If any award is canceled, terminates, expires or lapses for any reason prior to the issuance of shares or if shares are issued under the 2015 Plan and thereafter are forfeited to us, the shares subject to such awards and the forfeited shares will not count against the aggregate number of shares of common stock available for grant under the 2015 Plan. In addition, the following items will not count against the aggregate number of shares of common stock available for grant under the 2015 Plan: (1) the payment in cash of dividends or dividend equivalents under any outstanding award, (2) any award that is settled in cash rather than by issuance of shares of common stock, (3) shares surrendered or tendered in payment of the option price or purchase price of an award or any taxes required to be withheld in respect of an award or (4) awards granted in assumption of or in substitution for awards previously granted by an acquired company.

 

Administration

 

The 2015 Plan may be administered by our board of directors or the Compensation Committee. The Compensation Committee, in its discretion, selects the individuals to whom awards may be granted, the time or times at which such awards are granted and the terms and conditions of such awards.

 

Eligibility

 

Awards may be granted under the 2015 Plan to officers, employees, directors, consultants and advisors of our company and its affiliates. Incentive stock options may be granted only to employees of our company or its subsidiaries.

 

Awards

 

The 2015 Plan permits the granting of any or all of the following types of awards:

 

  Stock Options. Stock options entitle the holder to purchase a specified number of shares of common stock at a specified price (the exercise price), subject to the terms and conditions of the stock option grant. The Compensation Committee may grant either incentive stock options, which must comply with Code Section 422, or nonqualified stock options. The Compensation Committee sets exercise prices and terms and conditions, except that stock options must be granted with an exercise price not less than 100% of the fair market value of our common stock on the date of grant (excluding stock options granted in connection with assuming or substituting stock options in acquisition transactions). Unless the Compensation Committee determines otherwise, fair market value means, as of a given date, the closing price of our common stock. At the time of grant, the Compensation Committee determines the terms and conditions of stock options, including the quantity, exercise price, vesting periods, term (which cannot exceed 10 years) and other conditions on exercise.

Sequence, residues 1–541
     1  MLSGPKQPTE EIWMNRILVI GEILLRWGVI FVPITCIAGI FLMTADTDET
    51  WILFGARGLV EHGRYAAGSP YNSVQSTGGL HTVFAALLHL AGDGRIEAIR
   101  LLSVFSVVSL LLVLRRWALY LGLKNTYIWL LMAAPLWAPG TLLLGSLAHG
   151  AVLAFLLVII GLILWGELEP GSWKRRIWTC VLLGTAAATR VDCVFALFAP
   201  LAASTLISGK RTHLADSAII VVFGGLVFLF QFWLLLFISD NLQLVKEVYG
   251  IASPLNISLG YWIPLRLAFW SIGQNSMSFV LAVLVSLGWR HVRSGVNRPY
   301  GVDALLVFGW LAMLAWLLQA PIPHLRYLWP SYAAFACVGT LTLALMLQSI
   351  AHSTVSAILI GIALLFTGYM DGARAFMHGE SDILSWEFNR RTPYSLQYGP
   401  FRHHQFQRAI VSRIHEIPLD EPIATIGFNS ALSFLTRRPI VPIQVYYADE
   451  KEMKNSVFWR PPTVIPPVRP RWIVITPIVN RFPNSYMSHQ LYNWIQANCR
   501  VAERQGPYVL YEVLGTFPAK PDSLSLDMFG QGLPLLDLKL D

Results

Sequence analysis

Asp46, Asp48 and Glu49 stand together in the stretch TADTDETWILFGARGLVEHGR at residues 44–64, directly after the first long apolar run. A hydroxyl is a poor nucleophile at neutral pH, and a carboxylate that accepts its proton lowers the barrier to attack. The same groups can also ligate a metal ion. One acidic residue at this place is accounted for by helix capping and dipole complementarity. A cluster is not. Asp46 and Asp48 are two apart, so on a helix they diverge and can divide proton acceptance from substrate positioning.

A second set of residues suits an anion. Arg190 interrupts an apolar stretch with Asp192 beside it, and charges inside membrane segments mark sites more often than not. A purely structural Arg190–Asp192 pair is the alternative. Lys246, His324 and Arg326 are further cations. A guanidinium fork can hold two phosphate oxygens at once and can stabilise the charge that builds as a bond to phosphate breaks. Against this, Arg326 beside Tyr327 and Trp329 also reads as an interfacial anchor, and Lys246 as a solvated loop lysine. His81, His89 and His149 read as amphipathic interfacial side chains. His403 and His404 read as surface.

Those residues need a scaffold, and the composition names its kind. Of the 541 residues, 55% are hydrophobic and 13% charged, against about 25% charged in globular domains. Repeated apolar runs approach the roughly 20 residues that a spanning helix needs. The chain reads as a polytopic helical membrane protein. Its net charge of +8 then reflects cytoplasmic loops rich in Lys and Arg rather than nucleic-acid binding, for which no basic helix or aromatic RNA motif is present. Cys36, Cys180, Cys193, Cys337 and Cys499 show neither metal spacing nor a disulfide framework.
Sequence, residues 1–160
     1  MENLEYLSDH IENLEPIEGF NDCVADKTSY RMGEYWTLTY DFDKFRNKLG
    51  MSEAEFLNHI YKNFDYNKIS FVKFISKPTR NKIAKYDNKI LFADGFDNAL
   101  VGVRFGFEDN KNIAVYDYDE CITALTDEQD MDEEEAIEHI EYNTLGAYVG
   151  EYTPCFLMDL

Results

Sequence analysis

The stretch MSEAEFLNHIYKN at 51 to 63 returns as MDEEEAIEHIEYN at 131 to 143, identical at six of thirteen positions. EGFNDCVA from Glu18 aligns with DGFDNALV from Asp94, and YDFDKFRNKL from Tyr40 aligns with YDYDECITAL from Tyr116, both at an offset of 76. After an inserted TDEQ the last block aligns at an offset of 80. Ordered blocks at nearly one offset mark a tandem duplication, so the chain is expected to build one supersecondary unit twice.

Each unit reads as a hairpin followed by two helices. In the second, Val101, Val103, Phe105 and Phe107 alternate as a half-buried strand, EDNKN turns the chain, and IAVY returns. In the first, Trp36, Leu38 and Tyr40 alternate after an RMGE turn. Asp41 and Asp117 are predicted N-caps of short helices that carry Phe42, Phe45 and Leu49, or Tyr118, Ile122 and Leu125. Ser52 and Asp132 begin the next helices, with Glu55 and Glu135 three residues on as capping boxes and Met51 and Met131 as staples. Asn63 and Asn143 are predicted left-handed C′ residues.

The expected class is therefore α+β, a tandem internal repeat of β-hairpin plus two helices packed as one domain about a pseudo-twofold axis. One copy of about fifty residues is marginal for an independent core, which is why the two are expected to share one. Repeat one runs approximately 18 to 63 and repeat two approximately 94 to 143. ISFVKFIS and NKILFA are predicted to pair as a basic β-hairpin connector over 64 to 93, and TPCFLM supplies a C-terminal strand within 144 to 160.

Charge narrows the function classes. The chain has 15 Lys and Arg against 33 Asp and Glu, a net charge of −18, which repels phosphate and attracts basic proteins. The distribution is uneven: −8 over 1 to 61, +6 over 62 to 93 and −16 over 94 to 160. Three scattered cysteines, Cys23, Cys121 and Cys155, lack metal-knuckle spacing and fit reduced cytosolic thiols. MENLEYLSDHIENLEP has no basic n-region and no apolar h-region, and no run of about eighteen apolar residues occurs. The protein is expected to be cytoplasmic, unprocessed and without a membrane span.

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  Stock Appreciation Rights. The Compensation Committee may grant SARs, as a right in tandem with the number of shares underlying stock options granted under the 2015 Plan or as a freestanding award. Upon exercise, SARs entitle the holder to receive payment per share in stock or cash, or in a combination of stock and cash, equal to the excess of the share’s fair market value on the date of exercise over the grant price of the SAR. The grant price of a tandem SAR is equal to the exercise price of the related stock option and the grant price for a freestanding SAR is determined by the Compensation Committee in accordance with the procedures described above for stock options. Exercise of a SAR issued in tandem with a stock option will reduce the number of shares underlying the related stock option to the extent of the SAR exercised. The term of a freestanding SAR cannot exceed 10 years, and the term of a tandem SAR cannot exceed the term of the related stock option.

 

  Restricted Stock, Restricted Stock Units and Other Stock-Based Awards. The Compensation Committee may grant awards of restricted stock, which are shares of common stock subject to specified restrictions, and restricted stock units, or RSUs, which represent the right to receive shares of our common stock in the future. These awards may be made subject to repurchase, forfeiture or vesting restrictions at the Compensation Committee’s discretion. The restrictions may be based on continuous service with our company or the attainment of specified performance goals, as determined by the Compensation Committee. Stock units may be paid in stock or cash or a combination of stock and cash, as determined by the Compensation Committee. The Compensation Committee may also grant other types of equity or equity-based awards subject to the terms and conditions of the 2015 Plan and any other terms and conditions determined by the Compensation Committee.

 

  Performance Awards. The Compensation Committee may grant performance awards, which entitle participants to receive a payment from us, the amount of which is based on the attainment of performance goals established by the Compensation Committee over a specified award period. Performance awards may be denominated in shares of common stock or in cash, and may be paid in stock or cash or a combination of stock and cash, as determined by the Compensation Committee. Cash-based performance awards include annual incentive awards.

 

Awards to Non-employee Directors